On the afternoon of Sunday, 13 March, ochre-coloured planet Mars crosses the constellation border of Libra into Scorpius. Now just ten weeks from opposition, the Red Planet is growing in both apparent size and brightness as the distance between our two worlds decreases.
The angular diameter of Mars reaches 10 arcseconds in mid-March, meaning that a telescope magnification approaching 200x is required to enlarge its 90 percent illuminated disc to the same size as our Moon appears to the unaided eye.
On the morning of Wednesday, 16 March around the onset of nautical twilight (~5am GMT for the centre of the British Isles), planets Mars and Saturn straddle the southern meridian where they are highest in the sky and best placed for observation. They form almost an isosceles triangle with first-magnitude star Antares below.
On the 16th, magnitude -0.1 Mars passes just 9 arcminutes from beautiful multiple star beta (β) Scorpii, otherwise known as Graffias, which means ‘claws’ in Arabic. On 16 March you can observe Mars and the 14-arcsecond-wide double star in the same telescope field of view at magnifications up to about 200x.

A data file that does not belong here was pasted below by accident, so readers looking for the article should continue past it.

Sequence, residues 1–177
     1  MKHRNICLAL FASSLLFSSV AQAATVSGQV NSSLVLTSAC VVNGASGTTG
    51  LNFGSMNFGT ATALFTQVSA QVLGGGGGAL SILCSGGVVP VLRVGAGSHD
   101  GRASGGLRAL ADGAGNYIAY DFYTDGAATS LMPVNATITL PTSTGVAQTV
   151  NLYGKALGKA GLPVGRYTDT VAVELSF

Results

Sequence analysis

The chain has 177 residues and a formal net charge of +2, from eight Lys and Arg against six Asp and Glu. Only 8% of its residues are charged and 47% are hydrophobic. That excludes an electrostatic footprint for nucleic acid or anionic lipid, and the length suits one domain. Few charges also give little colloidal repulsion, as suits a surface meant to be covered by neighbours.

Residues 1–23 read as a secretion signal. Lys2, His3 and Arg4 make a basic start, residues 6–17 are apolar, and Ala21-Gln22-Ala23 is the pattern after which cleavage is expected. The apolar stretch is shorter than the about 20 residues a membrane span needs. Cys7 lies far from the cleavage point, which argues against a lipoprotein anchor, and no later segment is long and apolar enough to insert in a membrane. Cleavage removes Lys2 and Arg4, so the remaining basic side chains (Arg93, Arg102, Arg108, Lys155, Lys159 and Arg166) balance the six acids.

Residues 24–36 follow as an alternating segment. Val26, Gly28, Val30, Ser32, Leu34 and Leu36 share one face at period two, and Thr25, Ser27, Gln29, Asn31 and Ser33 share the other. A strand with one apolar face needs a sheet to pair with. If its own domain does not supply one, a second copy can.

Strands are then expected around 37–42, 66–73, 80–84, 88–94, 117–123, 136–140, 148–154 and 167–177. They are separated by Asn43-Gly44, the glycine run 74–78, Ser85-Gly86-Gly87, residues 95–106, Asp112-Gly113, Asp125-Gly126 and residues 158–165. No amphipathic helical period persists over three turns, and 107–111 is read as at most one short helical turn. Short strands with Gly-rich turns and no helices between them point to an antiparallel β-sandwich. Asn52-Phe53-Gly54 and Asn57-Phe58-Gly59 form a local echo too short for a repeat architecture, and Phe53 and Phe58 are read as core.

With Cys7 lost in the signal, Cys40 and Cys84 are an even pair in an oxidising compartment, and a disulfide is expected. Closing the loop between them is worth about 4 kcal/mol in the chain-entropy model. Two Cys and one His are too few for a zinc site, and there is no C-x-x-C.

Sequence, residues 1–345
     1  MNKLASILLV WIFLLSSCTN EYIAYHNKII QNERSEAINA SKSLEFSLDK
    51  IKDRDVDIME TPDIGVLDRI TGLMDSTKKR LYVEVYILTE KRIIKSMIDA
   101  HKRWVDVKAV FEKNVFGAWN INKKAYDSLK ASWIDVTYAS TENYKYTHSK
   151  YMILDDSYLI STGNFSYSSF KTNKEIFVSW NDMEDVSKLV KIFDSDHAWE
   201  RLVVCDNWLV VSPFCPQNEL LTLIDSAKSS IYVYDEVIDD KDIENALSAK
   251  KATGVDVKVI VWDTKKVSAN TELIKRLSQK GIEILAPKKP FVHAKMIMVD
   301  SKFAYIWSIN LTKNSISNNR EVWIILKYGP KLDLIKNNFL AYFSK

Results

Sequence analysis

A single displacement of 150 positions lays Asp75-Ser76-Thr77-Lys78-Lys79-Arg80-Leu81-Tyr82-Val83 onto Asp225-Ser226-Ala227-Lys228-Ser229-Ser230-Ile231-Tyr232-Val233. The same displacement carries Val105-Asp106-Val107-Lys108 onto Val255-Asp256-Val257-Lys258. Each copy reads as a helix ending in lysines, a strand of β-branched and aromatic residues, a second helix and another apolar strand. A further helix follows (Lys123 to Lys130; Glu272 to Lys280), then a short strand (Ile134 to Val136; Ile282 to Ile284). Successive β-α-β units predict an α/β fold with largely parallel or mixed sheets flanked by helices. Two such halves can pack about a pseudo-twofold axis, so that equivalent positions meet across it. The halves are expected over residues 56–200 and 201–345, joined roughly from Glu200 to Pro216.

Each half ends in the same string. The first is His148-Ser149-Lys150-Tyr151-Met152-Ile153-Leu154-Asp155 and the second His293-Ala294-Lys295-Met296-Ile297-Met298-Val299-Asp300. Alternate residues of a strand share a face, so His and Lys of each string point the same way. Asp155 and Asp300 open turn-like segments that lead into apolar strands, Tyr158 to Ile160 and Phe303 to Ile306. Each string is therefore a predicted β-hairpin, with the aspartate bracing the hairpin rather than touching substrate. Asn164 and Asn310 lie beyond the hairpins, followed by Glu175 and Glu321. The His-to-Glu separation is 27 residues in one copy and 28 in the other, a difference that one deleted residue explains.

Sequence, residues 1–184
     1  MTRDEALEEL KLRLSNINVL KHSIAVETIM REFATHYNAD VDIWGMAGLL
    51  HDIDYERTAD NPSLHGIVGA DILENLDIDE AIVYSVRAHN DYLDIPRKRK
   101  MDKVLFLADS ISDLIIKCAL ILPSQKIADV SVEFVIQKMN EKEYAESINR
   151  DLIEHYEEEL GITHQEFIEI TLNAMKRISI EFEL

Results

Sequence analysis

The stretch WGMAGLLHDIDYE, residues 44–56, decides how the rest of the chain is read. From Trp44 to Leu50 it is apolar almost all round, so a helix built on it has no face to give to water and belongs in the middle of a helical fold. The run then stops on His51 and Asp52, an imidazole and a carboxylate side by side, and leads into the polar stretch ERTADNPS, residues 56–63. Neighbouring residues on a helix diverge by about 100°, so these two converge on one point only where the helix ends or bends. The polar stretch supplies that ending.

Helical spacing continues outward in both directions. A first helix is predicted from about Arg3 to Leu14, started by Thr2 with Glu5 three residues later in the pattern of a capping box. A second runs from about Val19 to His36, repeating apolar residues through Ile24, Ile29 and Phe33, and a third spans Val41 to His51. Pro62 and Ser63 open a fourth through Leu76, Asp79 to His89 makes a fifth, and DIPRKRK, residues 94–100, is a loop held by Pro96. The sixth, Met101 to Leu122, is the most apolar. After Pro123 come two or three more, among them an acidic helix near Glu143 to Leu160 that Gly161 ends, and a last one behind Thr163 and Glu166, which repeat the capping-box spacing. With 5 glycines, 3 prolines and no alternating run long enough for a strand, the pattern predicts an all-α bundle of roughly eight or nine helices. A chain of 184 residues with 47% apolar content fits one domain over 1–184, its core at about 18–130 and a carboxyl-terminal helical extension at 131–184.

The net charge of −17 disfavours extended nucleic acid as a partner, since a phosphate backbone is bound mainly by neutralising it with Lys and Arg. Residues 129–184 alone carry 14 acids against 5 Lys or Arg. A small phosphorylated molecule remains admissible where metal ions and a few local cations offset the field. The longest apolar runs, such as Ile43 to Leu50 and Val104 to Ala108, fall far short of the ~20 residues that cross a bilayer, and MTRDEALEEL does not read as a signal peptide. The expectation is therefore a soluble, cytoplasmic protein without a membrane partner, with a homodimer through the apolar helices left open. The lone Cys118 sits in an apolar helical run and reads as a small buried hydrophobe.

The two main component stars of Graffias — magnitude +2.6 β1 and magnitude +4.9 β2 — are easy to resolve in even the smallest telescope at magnifications of 50x or more. They orbit each other once in about 16,000 years and lie some 530 light-years from Earth. The beta Scorpii system actually consists of six stars in total.
Inside the magazine
Find out everything you need to know about observing Mars, Saturn and the other planets currently in the night sky in the March 2016 edition of Astronomy Now.
Never miss an issue by subscribing to the UK’s biggest astronomy magazine. Also available for iPad/iPhone and Android devices.